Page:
Tech round-up for June 5: So long iTunes, hello Mac Pro, free ebooks, a new Tamagotchi

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This week, Tor celebrates Pride by giving away four digital novellas and Tamagotchis are back to tickle that nostalgic itch you’ve got. But first, news from Apple’s Worldwide Developers Conference, including a powerful – and expensive – new computer, Apple’s continuing privacy play, and updates to all the operating systems. Also: the death of iTunes.

Apple announces big changes to device operating systems

Apple’s Worldwide Developers Conference (WWDC) is happening this week in San Francisco, and in a long media event on Monday, the company doubled down on personal privacy and announced a couple of new products.

But the biggest news was about the major changes to all of the operating systems that power Apple products, as well as a new OS to make the iPad even more useful.

tvOS 13

With Apple TV+ on the horizon, the company is creating a better experience on its Apple TV device. The new dashboard previews videos you’re browsing, and supports multiple users so each family member can have their own lists and recommendations.

Apple Music on tvOS will also display lyrics with the music, so you can have your own living room karaoke. And knowing that Apple Arcade is coming this fall, tvOS 13 will enable you to use PS4 and Xbox One controllers.

watchOS 6

Apple Watch is becoming more of an independent gadget all the time, and with watchOS 6 this is even more obvious. You’ll be able to listen to audiobooks directly from your watch, for one thing. Even better, though, is that apps will be able to run independently on Apple Watch without the need for an iPhone app. That warrants an App Store just for the Apple Watch, of course.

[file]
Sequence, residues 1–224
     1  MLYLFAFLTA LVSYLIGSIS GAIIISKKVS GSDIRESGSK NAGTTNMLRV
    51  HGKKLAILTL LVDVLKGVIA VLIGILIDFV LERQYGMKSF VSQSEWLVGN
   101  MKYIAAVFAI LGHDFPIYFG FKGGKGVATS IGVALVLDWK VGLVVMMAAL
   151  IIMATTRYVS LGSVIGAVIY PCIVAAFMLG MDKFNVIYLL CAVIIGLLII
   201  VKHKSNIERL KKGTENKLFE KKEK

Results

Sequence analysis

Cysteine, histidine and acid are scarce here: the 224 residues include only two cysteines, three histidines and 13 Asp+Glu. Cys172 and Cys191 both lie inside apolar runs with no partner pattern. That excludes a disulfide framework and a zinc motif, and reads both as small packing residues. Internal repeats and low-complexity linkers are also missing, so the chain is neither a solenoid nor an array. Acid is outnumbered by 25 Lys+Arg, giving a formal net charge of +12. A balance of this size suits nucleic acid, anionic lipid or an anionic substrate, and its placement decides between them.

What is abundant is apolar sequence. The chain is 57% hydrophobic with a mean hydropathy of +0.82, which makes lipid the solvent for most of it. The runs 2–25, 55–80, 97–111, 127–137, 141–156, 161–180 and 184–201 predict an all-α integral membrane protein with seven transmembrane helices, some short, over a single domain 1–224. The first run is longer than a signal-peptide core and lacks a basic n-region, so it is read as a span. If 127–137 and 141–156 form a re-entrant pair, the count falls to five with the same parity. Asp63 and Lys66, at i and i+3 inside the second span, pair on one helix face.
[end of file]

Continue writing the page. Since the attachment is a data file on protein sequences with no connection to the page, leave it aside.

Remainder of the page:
Perhaps the best addition, though, is the Cycle Tracking app, which allows females to track menstrual cycles.

iOS 13

Cycle Tracking is also coming to iOS 13 in the Health app.

Dark Mode is new with iOS 13, providing a more comfortable experience when you’re in low-light environments. Also new is swipe typing which, once you get the hang of it, makes it easier to communicate with speed. While third-party apps like SwiftKey have been providing this functionality, now it’s built right in to the system.

You’re also getting updates to photo editing within the Photos app and iOS will report to you on what apps are tracking your location, and apps won’t be able to use your Wi-Fi or Bluetooth connections to figure out where you are.

CarPlay, which works through iOS 13, gets an improved dashboard and Siri support for navigation apps like Waze.


Anyone who’s used an iPad knows that it’s different from a smartphone. Recognizing this, Apple is creating a unique operating system for the tablet device.

iPadOS brings a host of new features, including split-screen views, pop-up previews, and multiple spaces. It also adds computer-like functions like folder sharing and column view for files. You’ll be able to plug in thumb drives and use a mouse or trackpad controller.

iPadOS will work on iPads released since late 2014.

macOS Catalina